Tours can be taken. This takes place via an enclosed catwalk above the minting facility
The International Socca Federation is an organization which sets up the Socca World Cup. It sets up as a separate, independent governing body for small-sided football – 6 a side – in order to look after the interests of the sport separately to the existing governing bodies; the ISF was formed in late 2017, by leading providers of small-sided football across Europe and the rest of the world. The ISF aims to bring together experts from across the globe, it was launched at a ceremony in Birmingham in February 2018, with guests of honour including World Cup Referee Mark Clattenburg. As an inclusive organisation, the ability to register to the ISF is open to anyone who wants to run the national 6 a side team in their country, subject to an approval process. There were 51 countries invited to the launch in Birmingham, UK; the governance structure announced. From Pakistan, Shahzeb Mehmood Trunkwala of World Group was elected as Honorary Vice President, along with English solicitor and charity founder Tim Ollerenshaw The International Socca Federation began to make senior managerial appointments after February's meeting, with Greek Businessman Thanos Papadopoulos – founder of Libero S & T - taking over a CEO and German events mogul Christoph Köchy being Head Of Sponsorship They will be joined by other experienced staff, such as Stuart Winton, tournament director.
He has been considered one of the finest referees in socca, having offciated at prestigious events such as Star Sixes at the O2 Arena. The International Socca Federation has signed up some of the football figures to be ambassadors; the head of these is Brazilian World Cup winner Ronaldhino, who has experience of socca, having played in exhibition games in Pakistan in summer 2017. Many of the players who played in these games have signed up to be ambassadors, such as Robert Pires and Ryan Giggs - who has given his shirt to Leisure Leagues - one of the partners in the Federation; the 2019 Socca World Cup took place in Crete from 12-20 October. The first Socca World Cup took place in Portugal at the purpose built Trunkwala Stadium; the matches kicked off on 23 September 2018, when Canada took on Cape Verde and ran all the way through to 29 September, culminating in Germany's 1-0 win over Poland. In match, refereed by Mark Clattenburg; the tournament received coverage throughout the world, including high profile endorsements from the likes of Lukas Podolski and the Neymar foundation.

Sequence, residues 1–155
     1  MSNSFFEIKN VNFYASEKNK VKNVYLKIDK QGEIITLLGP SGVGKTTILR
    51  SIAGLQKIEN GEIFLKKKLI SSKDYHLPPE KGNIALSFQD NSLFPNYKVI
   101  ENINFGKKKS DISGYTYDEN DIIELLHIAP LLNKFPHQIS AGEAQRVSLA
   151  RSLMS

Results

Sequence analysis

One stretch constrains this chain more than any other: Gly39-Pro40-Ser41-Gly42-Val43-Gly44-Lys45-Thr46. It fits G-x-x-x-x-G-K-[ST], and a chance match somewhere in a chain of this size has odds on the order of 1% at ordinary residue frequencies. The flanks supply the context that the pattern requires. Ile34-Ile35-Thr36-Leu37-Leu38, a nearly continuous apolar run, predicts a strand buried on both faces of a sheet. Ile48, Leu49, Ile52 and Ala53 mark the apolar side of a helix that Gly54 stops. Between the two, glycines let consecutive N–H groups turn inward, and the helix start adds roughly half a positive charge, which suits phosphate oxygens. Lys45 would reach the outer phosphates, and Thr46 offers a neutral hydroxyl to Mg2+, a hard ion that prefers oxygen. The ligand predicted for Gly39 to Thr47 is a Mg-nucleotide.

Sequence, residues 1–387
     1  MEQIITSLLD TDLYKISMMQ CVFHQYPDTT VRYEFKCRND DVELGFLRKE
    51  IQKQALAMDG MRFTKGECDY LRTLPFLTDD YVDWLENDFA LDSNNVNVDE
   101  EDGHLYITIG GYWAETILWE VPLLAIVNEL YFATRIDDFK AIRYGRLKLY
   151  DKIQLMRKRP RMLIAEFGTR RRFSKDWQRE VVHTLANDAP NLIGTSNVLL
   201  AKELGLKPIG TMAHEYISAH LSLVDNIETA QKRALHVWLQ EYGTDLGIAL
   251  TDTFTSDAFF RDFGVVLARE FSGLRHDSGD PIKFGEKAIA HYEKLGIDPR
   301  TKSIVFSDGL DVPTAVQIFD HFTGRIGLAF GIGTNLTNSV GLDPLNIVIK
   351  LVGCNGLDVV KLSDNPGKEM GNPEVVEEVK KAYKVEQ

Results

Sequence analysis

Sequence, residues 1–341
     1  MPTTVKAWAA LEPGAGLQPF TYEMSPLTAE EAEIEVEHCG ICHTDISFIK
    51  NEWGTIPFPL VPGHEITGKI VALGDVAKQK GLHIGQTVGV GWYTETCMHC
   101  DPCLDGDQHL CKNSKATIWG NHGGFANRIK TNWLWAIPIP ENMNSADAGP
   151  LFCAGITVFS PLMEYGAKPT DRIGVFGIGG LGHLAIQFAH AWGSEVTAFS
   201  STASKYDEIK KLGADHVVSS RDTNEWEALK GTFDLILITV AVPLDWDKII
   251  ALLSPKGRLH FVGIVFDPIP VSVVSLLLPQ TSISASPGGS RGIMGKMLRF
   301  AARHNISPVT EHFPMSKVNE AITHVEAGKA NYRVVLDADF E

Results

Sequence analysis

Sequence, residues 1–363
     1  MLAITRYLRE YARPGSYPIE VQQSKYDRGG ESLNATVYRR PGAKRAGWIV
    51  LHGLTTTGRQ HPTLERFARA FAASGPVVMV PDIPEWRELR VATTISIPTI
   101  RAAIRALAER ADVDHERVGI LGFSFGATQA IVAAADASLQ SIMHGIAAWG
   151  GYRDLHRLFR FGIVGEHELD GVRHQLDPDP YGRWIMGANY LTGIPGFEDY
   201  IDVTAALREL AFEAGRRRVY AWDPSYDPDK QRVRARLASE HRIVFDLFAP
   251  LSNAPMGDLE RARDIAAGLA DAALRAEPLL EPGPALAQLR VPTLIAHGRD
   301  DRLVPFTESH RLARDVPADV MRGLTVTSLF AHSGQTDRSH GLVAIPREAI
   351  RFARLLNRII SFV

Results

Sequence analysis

The second edition took place in Maribor, Slovenia on 5–September 2019. Slovenian side ARKO Kljucarovci beat last year's champions Dynamik Torun after extra time 4:2; the first Socca Champions League took place on 18–21 October 2018 in Porec, Croatia. Dynamik Torun emerged as champions, beating another team from Poland Kluge Team Plock 2:1 in the final
Professor Marie Therese Jane Cassidy is a pathologist and academic. From 2004 to 2018 she was State Pathologist of Ireland, she is Professor of Forensic Medicine at the Royal College of Surgeons of Ireland and Trinity College, Dublin. Marie Cassidy was born in Rutherglen, Scotland, in 1951, the granddaughter of emigrants from Donegal, she is married with two children. Cassidy studied medicine at the University of Glasgow, graduating in January 1978, she became a member of the Royal College of Pathologists in 1985 and a forensic pathologist the same year, making her the first female full-time forensic pathologist in the United Kingdom. She held a professorship of forensic medicine at the University of Glasgow before moving to Ireland in 1998 to take up the position of Deputy State Pathologist, she was appointed to the position of State Pathologist in January 2004, succeeding Professor John Harbison to become the first female State Pathologist in Ireland. She is Professor of Forensic Medicine at the Royal College of Surgeons of Ireland and Trinity College, Dublin.
Cassidy has worked as a consultant for the United Nations, helping to identify the remains of victims of war crimes in Bosnia. Cassidy announced her intended retirement as State Pathologist of Ireland on 7 September 2018, she has acted as a consultant to the television crime series Taggart. A character in the book The Human Body is based on her, she advised Irish crime writer Alex Barclay. Pathology Forensic pathology List of pathologists